FCC Provides Guidance on Tower Site Collocation

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In order to help wireless communications providers meet the need for new facilities to satisfy the exploding demand for service, last year Congress enacted legislation designed to make it easier to add, remove or replace transmitting equipment on existing towers. In particular, it prohibited state or local governments, from denying, and directs them to approve, requests to add, remove or replace facilities so long as doing so does not substantially change the physical dimensions of the tower. Unfortunately, the wording of the statute is vague. The FCC has issued a Public Notice in order to provide guidance about the meaning of some of the terms used. While courts may be asked to decide what Congress intended these terms to mean, the FCC’s Public Notice provides at least some indication of how the expert agency defines the terms.

Substantial Change -

The FCC said that the meaning of “substantial change” should be interpreted using the following four prong test that it uses in other contexts today. First, a change would be “substantial” if it increases the existing height of a tower by more than 10% or by the height of one additional antenna array with separation from the nearest existing antenna not exceeding 20 feet, whichever is greater, except that the proposed antenna may exceed those limits to avoid interference with existing antennas. Second, a substantial change is one that involves the installation of more than the standard number of new equipment cabinets for the technology involved, not exceeding four, or more than one new equipment shelter. Third, a change would be substantial if it results in an attachment that protrudes more than 20 feet from the edge of the tower, or more than the width of the tower structure at the level of the addition, whichever is greater, except that those limits can be exceeded to shelter the antenna from inclement weather or connect the antenna to the tower via cable. Finally, a change would be substantial if it involves excavation outside the current tower site, defined as the current boundaries of the leased or owned property and any access or utility easements.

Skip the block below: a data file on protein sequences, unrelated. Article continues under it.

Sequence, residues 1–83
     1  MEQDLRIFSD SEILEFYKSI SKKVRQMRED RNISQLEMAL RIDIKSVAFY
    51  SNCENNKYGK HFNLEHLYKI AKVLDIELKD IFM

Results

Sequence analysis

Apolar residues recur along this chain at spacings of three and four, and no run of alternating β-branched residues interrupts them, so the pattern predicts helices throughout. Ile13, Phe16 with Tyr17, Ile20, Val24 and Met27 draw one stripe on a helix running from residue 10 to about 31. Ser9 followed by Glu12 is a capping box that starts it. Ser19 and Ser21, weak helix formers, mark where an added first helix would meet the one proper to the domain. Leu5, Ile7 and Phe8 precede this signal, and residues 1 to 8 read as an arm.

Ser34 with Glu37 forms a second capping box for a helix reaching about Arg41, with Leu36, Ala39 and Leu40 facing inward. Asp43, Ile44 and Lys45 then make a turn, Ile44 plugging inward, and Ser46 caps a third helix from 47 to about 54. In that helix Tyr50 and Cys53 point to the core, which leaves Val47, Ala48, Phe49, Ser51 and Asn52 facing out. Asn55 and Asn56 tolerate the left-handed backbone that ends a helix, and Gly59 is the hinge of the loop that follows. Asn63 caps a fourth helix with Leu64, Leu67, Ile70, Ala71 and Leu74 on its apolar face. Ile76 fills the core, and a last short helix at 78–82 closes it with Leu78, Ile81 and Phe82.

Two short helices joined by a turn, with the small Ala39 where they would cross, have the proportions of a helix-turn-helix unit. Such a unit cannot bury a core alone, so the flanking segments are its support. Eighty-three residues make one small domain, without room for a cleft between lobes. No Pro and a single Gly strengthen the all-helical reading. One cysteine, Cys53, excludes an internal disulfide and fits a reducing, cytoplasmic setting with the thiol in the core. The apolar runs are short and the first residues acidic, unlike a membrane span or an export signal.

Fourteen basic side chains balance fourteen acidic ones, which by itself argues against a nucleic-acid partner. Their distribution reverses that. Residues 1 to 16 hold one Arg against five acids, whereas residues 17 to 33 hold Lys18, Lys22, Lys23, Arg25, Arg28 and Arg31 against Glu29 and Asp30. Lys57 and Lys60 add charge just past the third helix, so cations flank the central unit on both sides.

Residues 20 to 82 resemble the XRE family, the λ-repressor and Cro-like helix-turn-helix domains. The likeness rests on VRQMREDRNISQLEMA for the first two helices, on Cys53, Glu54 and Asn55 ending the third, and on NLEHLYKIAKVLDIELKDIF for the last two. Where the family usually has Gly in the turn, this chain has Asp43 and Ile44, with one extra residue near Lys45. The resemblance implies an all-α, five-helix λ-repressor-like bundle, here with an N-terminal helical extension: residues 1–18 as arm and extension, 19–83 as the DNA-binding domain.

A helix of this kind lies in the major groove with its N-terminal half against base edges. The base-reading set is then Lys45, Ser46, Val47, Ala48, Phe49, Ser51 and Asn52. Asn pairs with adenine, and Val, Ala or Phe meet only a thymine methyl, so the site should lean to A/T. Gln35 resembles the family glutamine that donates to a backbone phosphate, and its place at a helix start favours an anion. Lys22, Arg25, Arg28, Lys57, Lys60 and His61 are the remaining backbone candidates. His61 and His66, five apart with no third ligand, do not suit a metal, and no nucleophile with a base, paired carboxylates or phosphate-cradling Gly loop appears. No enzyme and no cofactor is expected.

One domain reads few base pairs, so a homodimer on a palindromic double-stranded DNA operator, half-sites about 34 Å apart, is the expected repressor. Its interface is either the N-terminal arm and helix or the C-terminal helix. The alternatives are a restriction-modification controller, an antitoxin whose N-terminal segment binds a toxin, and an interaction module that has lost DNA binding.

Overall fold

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Topics:  Cell Towers, FCC, Wireless Technology

Published In: Communications & Media Updates, Zoning, Planning & Land Use Updates

DISCLAIMER: Because of the generality of this update, the information provided herein may not be applicable in all situations and should not be acted upon without specific legal advice based on particular situations.

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